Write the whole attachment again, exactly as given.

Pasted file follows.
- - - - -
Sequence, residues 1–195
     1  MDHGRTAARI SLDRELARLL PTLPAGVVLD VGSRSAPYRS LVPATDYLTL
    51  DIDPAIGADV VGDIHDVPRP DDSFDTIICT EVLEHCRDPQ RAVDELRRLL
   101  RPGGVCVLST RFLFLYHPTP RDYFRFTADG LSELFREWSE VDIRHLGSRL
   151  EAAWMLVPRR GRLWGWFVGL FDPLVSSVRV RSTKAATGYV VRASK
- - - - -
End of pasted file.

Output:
Sequence, residues 1–195
     1  MDHGRTAARI SLDRELARLL PTLPAGVVLD VGSRSAPYRS LVPATDYLTL
    51  DIDPAIGADV VGDIHDVPRP DDSFDTIICT EVLEHCRDPQ RAVDELRRLL
   101  RPGGVCVLST RFLFLYHPTP RDYFRFTADG LSELFREWSE VDIRHLGSRL
   151  EAAWMLVPRR GRLWGWFVGL FDPLVSSVRV RSTKAATGYV VRASK